FDA outlines two new regulations for food import safety
The U.S. Food and Drug Administration announced the release of two regulations to increase safety of food imports during a press conference Thursday in Washington.
The new regulations involve the requirement of a prior notice filed to the FDA for all food shipments entering the country, in addition to the registration of all domestic and overseas processors with activities in the U.S. market. FDA was mandated by Congress to develop the regulations under the 2002 Public Health Security and Bioterrorism Preparedness and Response Act.
“These new requirements represent the latest steps in our ongoing efforts to respond to new threats and improve the safety of all the foods that we eat in this country,” said Health and Human Services Secretary Tommy G. Thompson in a statement.
The advance notice for food imports will take effect Dec. 12. This will allow the FDA to know in advance when specific food shipments are arriving in the U.S. port of entry. The agency expects to receive about 25,000 notifications a day.
FDA Commissioner Mark B. McClellan said the agency took into account the numerous comments and concerns from law enforcement, national security and industry officials in the development of the prior notice regulation.
For example, the proposed rule issued earlier this year would have required importers to provide prior notice by noon the day before arrival of a food shipment in the United States by all transport modes, including land and road.
Under the final regulation, FDA must receive prior notices no more than five days before arrival and no fewer than:
* Two hours before before arrival by truck.
* Four hours before arrival by air or rail.
* Eight hours before arrival by vessel.
In addition, for international mail shipments, notifications must be made before the shipment is mailed. When an individual carries or transports foods subject to the new requirement, advance notice of two, four or eight hours is required according to the mode of transport, FDA said.
The prior notice may be electronically submitted to FDA in most cases using the Bureau of Customs and Border Protection’s Automated Broker Interface system. FDA will also operate a new prior notice system interface that shippers can use.
McClellan said the FDA will continue to work closely with Customs on the implementation of the prior notice regulation.
“Using the electronic data required under these regulations and a sophisticated automated targeting system, CBP and the FDA will be working side-by-side to make joint decisions about food shipments that could pose a potential threat to the United States,” said Customs Commissioner Robert C. Bonner in a statement.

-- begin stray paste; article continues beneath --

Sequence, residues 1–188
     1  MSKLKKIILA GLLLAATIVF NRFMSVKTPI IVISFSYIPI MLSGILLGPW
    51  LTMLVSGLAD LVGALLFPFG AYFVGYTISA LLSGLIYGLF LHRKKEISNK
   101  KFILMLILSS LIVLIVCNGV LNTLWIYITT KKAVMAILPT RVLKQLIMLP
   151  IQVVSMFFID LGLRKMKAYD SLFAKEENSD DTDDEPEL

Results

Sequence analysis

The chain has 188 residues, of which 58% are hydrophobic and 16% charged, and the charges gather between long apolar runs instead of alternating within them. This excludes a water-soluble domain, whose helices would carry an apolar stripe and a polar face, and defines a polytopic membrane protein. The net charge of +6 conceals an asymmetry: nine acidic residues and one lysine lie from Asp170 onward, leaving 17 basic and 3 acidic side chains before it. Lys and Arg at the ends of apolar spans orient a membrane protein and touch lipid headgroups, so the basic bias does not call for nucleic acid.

The second regulation requires all owners, operators or agents in charge of domestic or foreign food facilities to register with the FDA. This information will include name and address of each facility and information about the categories of food processed by these operations. For a foreign facility, the registration must include the name of the U.S. agent for the facility.
FDA said the registration is required for domestic facilities whether or not food from the facility enters interstate commerce. Domestic facilities must also provide emergency contact information and any changes to registrations must be reported to within 60 days, the agency said.
Certain food transport vehicles, pesticide manufacturers, farms, restaurants and other retail establishments are exempt from the FDA registration. Also exempt are slaughterhouses for meat and poultry because they’re already regulated by the U.S. Department of Agriculture.
FDA said food processing facility registrations may be submitted electronically via the Internet or on paper forms through the mail or fax. Registrations may also be submitted on CD-ROM by mail. The agency will be able to accept registrations from anywhere in the world 24 hours a day starting Oct. 16. “Filling out registration online should take about 15 minutes if a facility has its paperwork ready,” FDA said.
FDA plans to “exercise broad enforcement discretion” for the prior notice rule for the first four months after its implementation.
“During this time, FDA and CBP will educate importers about how they can comply with the regulations, and will work with trade associations and foreign governments to make sure all importers are well informed of the new requirements,” the agency said. “Thereafter, FDA will phase in full implementation of the prior notice requirements.”